26. Conditional Probabilities The sample space is reduced. Key words that indicate conditional probability are: given that, of those, if, assuming that “The probability of event A occurring given that event B has already occurred” is written in shorthand as: pr(A|B)

27. House Sales (g) What proportion of the houses that sold in less than 3 weeks, sold for more than \$600,000?

28. House Sales (g) The event in this question is? A. Single B. Joint C. Conditional D. I don’t know What proportion of the houses that sold in less than 3 weeks, sold for more than \$600,000?

29. House Sales (g) Conditional probability? A. Yes B. No C. I don’t know What proportion of the houses that sold in less than 3 weeks, sold for more than \$600,000?

30. House Sales (g) What proportion of the houses that sold in less than 3 weeks, sold for more than \$600,000? pr(B|A) = 52/134 = 0.39

31. Filled jobs by industry and type (a) Working owner What proportion of workers were part time employees?

32. Filled jobs by industry and type (a) The event in this question is? A. Single B. Joint C. Conditional D. I don’t know Working owner What proportion of workers were part time employees?

33. Filled jobs by industry and type (a) Conditional probability? A. Yes B. No C. I don’t know Working owner What proportion of workers were part time employees?

34. Filled jobs by industry and type (a) Working owner What proportion of workers were part time employees? pr(PT) = 458/1646 = 0.28

35. Filled jobs by industry and type (b) Working owner The industry with the highest proportion of part time workers in March 2005 was accommodation, cafes & restaurants. What was this proportion?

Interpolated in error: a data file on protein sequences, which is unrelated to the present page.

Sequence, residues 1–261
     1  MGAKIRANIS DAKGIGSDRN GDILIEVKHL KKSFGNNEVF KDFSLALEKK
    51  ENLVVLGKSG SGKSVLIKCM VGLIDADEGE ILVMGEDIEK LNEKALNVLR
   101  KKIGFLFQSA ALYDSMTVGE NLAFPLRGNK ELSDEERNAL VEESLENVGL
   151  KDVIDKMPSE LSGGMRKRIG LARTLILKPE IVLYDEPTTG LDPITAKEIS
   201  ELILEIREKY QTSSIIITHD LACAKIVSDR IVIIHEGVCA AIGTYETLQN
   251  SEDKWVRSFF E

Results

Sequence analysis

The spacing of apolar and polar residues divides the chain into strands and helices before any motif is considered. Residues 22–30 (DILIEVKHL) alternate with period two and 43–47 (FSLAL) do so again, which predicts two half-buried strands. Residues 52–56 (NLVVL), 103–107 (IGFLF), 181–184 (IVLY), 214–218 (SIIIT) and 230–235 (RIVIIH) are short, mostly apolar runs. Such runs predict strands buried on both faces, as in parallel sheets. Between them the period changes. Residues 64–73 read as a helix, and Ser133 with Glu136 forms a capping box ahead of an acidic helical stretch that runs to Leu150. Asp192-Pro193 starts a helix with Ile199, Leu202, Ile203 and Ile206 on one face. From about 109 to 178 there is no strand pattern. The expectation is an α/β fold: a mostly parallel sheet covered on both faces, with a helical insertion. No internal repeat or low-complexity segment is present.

36. Filled jobs by industry and type (b) The event in this question is? A. Single B. Joint C. Conditional D. I don’t know Working owner The industry with the highest proportion of part time workers in March 2005 was accommodation, cafes & restaurants. What was this proportion?

37. Filled jobs by industry and type (b) Conditional probability? A. Yes B. No C. I don’t know Working owner The industry with the highest proportion of part time workers in March 2005 was accommodation, cafes & restaurants. What was this proportion?

38. Filled jobs by industry and type (b) Working owner The industry with the highest proportion of part time workers in March 2005 was accommodation, cafes & restaurants. What was this proportion? pr(PT |A) = 57/99 = 0.58

39. Filled jobs by industry and type (c) What proportion of workers were in the retail trade?

40. Filled jobs by industry and type (c) The event in this question is? A. Single B. Joint C. Conditional D. I don’t know What proportion of workers were in the retail trade?

41. Filled jobs by industry and type (c) Conditional probability? A. Yes B. No C. I don’t know What proportion of workers were in the retail trade?

42. Filled jobs by industry and type (c) What proportion of workers were in the retail trade? pr(R) = 232/1646 = 0.14

43. Filled jobs by industry and type (d) What proportion of workers were full time employees working in education?

44. Filled jobs by industry and type (d) The event in this question is? A. Single B. Joint C. Conditional D. I don’t know What proportion of workers were full time employees working in education?

45. Filled jobs by industry and type (d) Conditional probability? A. Yes B. No C. I don’t know What proportion of workers were full time employees working in education?

46. Filled jobs by industry and type (d) What proportion of workers were full time employees working in education? pr(FT and E) = 87/1646 = 0.05

47. Response Rates by Survey Format (a) What proportion of the students received an incentive and responded? 125/4416 = 0.03

48. Response Rates by Survey Format (b) What was the overall response rate to the survey? 948/4416 = 0.21

49. Response Rates by Survey Format (c) Which format had the highest response rate? Try it!!!!